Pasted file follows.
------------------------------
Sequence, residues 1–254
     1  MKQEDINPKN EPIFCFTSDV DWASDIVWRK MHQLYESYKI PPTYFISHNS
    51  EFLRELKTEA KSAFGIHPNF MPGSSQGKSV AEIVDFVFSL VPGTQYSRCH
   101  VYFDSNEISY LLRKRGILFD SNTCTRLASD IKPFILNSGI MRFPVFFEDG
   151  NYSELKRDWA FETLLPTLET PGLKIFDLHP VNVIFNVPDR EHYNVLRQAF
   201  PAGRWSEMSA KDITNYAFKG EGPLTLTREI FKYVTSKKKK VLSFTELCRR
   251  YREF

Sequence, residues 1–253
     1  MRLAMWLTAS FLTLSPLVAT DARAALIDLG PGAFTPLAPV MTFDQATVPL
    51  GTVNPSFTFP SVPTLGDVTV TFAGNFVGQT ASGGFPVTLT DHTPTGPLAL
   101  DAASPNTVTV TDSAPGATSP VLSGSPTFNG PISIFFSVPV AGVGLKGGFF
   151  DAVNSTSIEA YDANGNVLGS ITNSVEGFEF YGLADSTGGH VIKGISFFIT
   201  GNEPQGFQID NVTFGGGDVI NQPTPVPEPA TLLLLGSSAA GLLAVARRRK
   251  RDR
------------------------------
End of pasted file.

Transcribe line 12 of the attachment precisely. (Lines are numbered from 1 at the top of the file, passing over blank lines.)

   151  DAVNSTSIEA YDANGNVLGS ITNSVEGFEF YGLADSTGGH VIKGISFFIT